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Places of belonging, loneliness and lockdown


Franklin, A and Tranter, B, Places of belonging, loneliness and lockdown, Thesis Eleven, 172, (1) ISSN 0725-5136 (2022) [Refereed Article]

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DOI: doi:10.1177/072551362211331


We report new data from a survey of loneliness in Australia during the Covid-19 lockdowns of 2020-21, in order to identify those age groups most at risk of increased loneliness. Counter-intuitively, proportionately fewer elderly Australians experienced increased loneliness as a result of lockdowns, as compared with 44% of those aged 19-29 and 31% of those aged 40-49. To explain this pattern, we investigated how lockdowns disturbed the complex connections between types of place affordance and the age-specific cultural scripts that normally give rise to a sense of belonging. For younger age groups, such scripts demand their identification with future orientations and a sense of belonging tied to the more distant and wide-ranging places of career advance, meeting, play, and pleasure that lockdown inhibited. By contrast, older retired cohorts were more inclined to frame their sense of belonging in the past through the maintenance of community connections and closer place-bonds of their locality, cultural places of memory and return that they were more happily confined to during lockdowns.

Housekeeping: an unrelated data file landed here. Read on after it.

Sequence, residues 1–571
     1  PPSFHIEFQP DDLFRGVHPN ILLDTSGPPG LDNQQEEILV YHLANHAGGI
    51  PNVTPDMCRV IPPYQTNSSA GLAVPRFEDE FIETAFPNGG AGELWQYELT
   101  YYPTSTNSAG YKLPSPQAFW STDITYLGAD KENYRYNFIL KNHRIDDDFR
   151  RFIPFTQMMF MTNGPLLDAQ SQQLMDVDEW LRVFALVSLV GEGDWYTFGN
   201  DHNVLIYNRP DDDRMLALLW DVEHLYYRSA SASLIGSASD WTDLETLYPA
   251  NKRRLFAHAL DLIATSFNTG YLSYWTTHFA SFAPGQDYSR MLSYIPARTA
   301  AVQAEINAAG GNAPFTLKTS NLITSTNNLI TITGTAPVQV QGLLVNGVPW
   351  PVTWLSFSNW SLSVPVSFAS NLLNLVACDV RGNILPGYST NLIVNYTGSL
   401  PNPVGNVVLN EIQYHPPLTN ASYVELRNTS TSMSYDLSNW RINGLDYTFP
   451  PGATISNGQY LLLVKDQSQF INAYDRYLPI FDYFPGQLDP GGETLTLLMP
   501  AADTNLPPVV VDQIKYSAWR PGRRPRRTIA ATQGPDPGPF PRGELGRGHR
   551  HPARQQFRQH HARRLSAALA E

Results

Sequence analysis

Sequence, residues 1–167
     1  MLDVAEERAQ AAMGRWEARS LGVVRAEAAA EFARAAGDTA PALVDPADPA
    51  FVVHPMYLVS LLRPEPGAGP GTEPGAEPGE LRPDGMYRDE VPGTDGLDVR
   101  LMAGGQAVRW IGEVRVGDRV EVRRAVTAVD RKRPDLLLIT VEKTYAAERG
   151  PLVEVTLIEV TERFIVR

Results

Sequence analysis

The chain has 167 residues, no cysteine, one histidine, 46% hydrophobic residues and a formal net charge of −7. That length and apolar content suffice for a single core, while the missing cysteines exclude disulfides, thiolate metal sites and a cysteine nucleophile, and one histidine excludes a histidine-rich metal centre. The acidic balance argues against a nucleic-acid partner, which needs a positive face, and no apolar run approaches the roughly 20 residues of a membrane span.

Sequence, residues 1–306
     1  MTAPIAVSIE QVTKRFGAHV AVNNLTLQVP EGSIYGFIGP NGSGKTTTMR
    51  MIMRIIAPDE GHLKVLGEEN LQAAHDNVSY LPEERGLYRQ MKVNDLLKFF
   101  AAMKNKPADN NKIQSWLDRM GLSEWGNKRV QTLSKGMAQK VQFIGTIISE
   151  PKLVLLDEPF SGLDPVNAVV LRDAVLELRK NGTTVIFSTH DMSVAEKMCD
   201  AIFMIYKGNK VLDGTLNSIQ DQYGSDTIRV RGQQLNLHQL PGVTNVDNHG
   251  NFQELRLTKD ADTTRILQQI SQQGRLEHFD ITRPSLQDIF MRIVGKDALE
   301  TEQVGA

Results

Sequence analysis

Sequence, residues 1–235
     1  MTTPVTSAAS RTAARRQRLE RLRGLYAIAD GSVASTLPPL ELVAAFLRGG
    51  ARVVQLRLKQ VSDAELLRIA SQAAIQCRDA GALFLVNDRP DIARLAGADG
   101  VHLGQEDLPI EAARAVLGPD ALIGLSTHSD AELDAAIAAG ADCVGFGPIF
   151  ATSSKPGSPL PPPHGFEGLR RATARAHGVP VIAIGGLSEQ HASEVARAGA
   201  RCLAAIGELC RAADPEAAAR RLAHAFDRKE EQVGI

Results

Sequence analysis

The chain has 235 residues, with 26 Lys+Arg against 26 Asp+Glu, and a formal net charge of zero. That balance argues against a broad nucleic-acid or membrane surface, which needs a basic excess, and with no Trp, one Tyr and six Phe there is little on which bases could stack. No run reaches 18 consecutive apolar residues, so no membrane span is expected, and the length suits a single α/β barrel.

Item Details

Item Type:Refereed Article
Keywords:loneliness, belongingness, Australia, survey
Research Division:Human Society
Research Group:Sociology
Research Field:Urban sociology and community studies
Objective Division:Health
Objective Group:Evaluation of health and support services
Objective Field:Social structure and health
UTAS Author:Franklin, A (Professor Adrian Franklin)
UTAS Author:Tranter, B (Professor Bruce Tranter)
ID Code:149765
Year Published:2022
Deposited By:Office of the School of Social Sciences
Deposited On:2022-04-11
Last Modified:2023-01-09

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